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Water stress, water-related hazards and water quality pose increasing challenges to modern society. And yet, the capacity to monitor and manage this vital resource is fragmented and inadequate. Billions of people around the world also feel the impact of climate change through water.
Natural hazards are severe and extreme weather and climate events that occur in all parts of the world, although some regions are more vulnerable to certain hazards than others. Natural hazards become disasters when people’s lives and livelihoods are destroyed.
In many parts of the world, flooding is a major problem. In the period from 1970 to 2012, storms and floods caused over one million deaths. Flood plains are often attractive areas for human development and a vast share of the world’s population depends, whether directly or indirectly, on a number of key natural resources that are generally provided by floodplains.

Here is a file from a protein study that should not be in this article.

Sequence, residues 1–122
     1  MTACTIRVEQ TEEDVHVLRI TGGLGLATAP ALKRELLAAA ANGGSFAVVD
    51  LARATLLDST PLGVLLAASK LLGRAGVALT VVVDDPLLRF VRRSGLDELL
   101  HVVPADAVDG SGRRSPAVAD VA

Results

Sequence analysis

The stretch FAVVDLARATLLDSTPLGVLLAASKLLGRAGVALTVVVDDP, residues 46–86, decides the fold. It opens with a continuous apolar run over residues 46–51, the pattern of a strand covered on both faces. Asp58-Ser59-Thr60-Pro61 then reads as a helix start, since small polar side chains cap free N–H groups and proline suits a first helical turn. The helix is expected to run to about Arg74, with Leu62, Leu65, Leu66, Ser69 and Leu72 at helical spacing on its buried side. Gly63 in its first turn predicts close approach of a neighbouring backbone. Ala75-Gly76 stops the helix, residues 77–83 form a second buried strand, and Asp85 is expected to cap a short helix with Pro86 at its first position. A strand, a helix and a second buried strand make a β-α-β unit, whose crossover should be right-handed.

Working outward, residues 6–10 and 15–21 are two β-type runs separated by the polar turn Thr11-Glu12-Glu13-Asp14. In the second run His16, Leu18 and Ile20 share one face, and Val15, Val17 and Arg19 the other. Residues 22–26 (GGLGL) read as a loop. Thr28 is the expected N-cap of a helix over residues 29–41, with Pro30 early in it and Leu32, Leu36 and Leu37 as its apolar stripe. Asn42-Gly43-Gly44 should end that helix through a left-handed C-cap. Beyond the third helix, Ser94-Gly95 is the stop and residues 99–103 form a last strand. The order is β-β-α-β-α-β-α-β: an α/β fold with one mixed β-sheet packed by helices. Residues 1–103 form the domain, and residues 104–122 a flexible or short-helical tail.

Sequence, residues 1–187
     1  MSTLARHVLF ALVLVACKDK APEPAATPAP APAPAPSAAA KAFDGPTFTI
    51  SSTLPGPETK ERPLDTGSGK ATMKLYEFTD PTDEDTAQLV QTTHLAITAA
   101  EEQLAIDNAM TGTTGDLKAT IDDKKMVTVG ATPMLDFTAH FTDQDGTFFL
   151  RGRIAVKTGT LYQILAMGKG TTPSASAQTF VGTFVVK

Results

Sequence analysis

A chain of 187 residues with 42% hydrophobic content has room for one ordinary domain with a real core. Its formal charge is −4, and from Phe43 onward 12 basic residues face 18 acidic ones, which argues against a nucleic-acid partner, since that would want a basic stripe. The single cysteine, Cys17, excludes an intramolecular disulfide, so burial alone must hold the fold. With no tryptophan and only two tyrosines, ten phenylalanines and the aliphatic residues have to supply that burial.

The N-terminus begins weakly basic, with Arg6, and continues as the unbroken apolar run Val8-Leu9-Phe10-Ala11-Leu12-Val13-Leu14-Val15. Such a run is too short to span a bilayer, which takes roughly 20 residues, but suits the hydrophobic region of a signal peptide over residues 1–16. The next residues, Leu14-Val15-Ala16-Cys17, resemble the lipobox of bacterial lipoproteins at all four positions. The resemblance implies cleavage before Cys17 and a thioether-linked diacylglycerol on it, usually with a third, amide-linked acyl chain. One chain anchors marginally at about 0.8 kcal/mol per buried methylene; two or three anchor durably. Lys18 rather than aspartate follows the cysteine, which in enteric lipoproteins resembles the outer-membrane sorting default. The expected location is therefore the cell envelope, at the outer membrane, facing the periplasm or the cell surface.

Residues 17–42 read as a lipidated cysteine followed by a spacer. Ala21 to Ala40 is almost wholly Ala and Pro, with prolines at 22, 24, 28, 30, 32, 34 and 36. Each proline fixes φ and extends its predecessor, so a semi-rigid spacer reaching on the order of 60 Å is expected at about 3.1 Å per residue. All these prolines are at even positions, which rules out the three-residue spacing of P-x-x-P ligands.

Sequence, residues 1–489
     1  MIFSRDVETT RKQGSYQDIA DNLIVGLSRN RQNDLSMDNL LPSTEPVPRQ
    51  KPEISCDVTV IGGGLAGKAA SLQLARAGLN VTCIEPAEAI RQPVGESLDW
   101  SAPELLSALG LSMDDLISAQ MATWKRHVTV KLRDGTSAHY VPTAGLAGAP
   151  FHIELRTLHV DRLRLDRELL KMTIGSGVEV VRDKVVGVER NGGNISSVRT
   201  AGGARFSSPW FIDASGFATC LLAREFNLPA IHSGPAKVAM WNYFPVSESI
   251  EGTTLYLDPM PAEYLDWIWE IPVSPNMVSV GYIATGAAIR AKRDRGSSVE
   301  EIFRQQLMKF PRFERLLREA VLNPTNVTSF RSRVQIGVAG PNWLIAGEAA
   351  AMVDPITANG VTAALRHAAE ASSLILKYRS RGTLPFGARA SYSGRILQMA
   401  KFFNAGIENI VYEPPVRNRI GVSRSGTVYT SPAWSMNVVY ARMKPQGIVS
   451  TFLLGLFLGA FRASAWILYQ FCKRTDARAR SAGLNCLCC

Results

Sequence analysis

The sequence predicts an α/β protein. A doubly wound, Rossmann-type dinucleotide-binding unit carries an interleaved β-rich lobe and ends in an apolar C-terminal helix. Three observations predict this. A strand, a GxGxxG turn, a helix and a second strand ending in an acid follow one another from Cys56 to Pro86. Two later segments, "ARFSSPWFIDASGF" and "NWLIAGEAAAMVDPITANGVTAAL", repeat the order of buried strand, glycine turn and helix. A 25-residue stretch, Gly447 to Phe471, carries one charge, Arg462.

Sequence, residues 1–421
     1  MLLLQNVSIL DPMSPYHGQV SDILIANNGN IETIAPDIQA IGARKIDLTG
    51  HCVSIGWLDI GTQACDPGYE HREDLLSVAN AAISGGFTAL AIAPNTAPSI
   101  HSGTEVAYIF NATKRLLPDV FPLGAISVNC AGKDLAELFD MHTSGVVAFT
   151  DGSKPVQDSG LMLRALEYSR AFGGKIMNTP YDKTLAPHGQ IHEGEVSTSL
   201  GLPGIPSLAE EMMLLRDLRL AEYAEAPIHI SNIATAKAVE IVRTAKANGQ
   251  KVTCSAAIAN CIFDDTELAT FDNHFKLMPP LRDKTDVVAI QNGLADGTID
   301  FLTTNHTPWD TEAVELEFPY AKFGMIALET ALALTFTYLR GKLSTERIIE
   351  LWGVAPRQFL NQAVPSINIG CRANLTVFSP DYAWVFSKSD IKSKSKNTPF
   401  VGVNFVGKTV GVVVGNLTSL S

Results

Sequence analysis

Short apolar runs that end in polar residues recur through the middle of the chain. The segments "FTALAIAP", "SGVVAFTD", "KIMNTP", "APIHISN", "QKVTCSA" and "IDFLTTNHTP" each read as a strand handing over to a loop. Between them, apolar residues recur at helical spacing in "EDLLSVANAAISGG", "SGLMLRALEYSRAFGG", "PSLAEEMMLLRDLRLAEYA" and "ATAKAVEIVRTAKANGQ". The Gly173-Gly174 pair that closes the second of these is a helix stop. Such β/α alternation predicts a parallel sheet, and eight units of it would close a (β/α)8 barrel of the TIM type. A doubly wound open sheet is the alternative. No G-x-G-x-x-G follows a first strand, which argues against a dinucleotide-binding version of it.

Competency frameworks will be introduced into the WMO Technical Regulations, which define standards and recommended practices for services and for taking observations and creating, sharing and accessing meteorological, climatologic and hydrological data. Institutions supplying education and training opportunities to the personnel of National Meteorological and Hydrological Services are also encouraged to adjust their training courses and programmes to better support the competency frameworks.
Floods are the most common natural hazards with the largest impacts on society. Although exceptionally devastating floods distort the trend, flood impact records show that the number of related fatalities...